"Which is Joe? With the blue eyes and red face?"

"Yes. My uncle's nephew."

"Not your cousin, then?"


"Well, he meant that Joe was like the men who came over to England about fourteen hundred years ago, and conquered it."

"Oh! I know about them; but is he?"

"Garton's crazy about that sort of thing; but I must say Joe does look a bit Early Saxon."


That "Yes" tickled Ashurst. It was so crisp and graceful, so conclusive, and politely acquiescent in what was evidently. Greek to her.

"He said that all the other boys were regular gipsies. He should not have said that. My aunt laughed, but she didn't like it, of course, and my cousins were angry. Uncle was a farmer-farmers are not gipsies. It is wrong to hurt people."

Ashurst wanted to take her hand and give it a squeeze, but he only answered:

"Quite right, Megan. By the way, I heard you putting the little ones to bed last night."

She flushed a little. "Please to drink your tea-it is getting cold.

Shall I get you some fresh?"

"Do you ever have time to do anything for yourself?"

"Oh! Yes."

"I've been watching, but I haven't seen it yet."

She wrinkled her brows in a puzzled frown, and her colour deepened.

When she was gone, Ashurst thought: 'Did she think I was chaffing her? I wouldn't for the world!' He was at that age when to some men "Beauty's a flower," as the poet says, and inspires in them the thoughts of chivalry. Never very conscious of his surroundings, it was some time before he was aware that the youth whom Garton had called "a Saxon type" was standing outside the stable door; and a fine bit of colour he made in his soiled brown velvet-cords, muddy gaiters, and blue shirt; red-armed, red-faced, the sun turning his hair from tow to flax; immovably stolid, persistent, unsmiling he stood. Then, seeing Ashurst looking at him, he crossed the yard at that gait of the young countryman always ashamed not to be slow and heavy-dwelling on each leg, and disappeared round the end of the house towards the kitchen entrance. A chill came over Ashurst's mood. Clods? With all the good will in the world, how impossible to get on terms with them! And yet-see that girl! Her shoes were split, her hands rough; but-what was it? Was it really her Celtic blood, as Garton had said?-she was a lady born, a jewel, though probably she could do no more than just read and write!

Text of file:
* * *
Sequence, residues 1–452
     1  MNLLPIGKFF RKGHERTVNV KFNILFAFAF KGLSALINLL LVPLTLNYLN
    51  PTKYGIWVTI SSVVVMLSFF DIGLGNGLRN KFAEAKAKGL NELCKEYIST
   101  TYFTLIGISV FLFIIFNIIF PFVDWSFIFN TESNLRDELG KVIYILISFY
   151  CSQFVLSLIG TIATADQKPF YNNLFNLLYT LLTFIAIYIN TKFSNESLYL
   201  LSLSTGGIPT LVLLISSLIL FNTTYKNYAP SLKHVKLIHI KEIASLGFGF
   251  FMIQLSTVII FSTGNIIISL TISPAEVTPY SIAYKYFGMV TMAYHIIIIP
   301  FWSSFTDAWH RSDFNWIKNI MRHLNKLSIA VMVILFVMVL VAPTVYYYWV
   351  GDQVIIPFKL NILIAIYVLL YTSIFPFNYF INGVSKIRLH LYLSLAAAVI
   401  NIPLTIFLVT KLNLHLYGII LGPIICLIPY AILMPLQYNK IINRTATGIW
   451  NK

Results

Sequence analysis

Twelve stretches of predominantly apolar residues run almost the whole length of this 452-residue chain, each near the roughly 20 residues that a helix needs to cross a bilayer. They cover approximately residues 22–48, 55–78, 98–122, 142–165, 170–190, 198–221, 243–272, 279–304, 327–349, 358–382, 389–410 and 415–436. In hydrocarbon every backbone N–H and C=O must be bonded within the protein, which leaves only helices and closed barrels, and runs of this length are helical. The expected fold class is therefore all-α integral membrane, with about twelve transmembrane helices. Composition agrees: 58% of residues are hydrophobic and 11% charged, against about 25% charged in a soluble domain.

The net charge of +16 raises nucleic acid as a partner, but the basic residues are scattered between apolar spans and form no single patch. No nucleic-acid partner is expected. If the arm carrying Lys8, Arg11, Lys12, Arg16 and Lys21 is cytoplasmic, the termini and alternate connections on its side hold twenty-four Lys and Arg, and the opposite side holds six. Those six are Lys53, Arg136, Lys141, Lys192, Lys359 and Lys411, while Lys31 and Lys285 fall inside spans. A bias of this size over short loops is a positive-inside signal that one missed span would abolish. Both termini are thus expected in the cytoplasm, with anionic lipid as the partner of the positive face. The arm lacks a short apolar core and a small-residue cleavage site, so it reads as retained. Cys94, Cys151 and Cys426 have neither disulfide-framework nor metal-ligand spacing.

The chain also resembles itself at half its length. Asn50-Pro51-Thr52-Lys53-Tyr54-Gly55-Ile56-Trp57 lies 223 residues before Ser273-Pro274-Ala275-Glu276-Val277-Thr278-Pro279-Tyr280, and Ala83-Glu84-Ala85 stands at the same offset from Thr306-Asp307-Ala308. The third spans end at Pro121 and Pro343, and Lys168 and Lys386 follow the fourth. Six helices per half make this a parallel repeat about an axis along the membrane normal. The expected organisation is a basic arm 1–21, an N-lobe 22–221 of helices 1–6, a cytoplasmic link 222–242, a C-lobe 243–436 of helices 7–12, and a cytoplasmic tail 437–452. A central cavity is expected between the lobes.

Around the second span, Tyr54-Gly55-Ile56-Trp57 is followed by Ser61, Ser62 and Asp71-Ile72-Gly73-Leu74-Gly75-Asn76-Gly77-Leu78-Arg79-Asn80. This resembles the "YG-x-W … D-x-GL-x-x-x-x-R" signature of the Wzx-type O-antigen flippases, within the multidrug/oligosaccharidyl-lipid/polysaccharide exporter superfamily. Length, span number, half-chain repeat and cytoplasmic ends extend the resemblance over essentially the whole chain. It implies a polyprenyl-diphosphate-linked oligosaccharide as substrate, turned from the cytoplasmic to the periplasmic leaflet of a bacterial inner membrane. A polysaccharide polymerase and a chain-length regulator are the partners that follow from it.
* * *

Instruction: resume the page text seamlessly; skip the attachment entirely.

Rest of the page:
The elderly, clean-shaven man he had seen last night in the kitchen had come into the yard with a dog, driving the cows to their milking. Ashurst saw that he was lame.

"You've got some good ones there!"

The lame man's face brightened. He had the upward look in his eyes which prolonged suffering often brings.

"Yeas; they'm praaper buties; gude milkers tu."

"I bet they are."

"'Ope as yure leg's better, zurr."

"Thank you, it's getting on."

The lame man touched his own: "I know what 'tes, meself; 'tes a main worritin' thing, the knee. I've a-'ad mine bad this ten year."

Ashurst made the sound of sympathy which comes so readily from those who have an independent income, and the lame man smiled again.

"Mustn't complain, though-they mighty near 'ad it off."


"Yeas; an' compared with what 'twas, 'tes almost so gude as nu."

"They've put a bandage of splendid stuff on mine."

"The maid she picks et. She'm a gude maid wi' the flowers. There's folks zeem to know the healin' in things. My mother was a rare one for that. 'Ope as yu'll zune be better, zurr. Goo ahn, therr!"

Ashurst smiled. "Wi' the flowers!" A flower herself!

That evening, after his supper of cold duck, junket, and cider, the girl came in.

"Please, auntie says-will you try a piece of our Mayday cake?"

"If I may come to the kitchen for it."

"Oh, yes! You'll be missing your friend."

"Not I. But are you sure no one minds?"

"Who would mind? We shall be very pleased."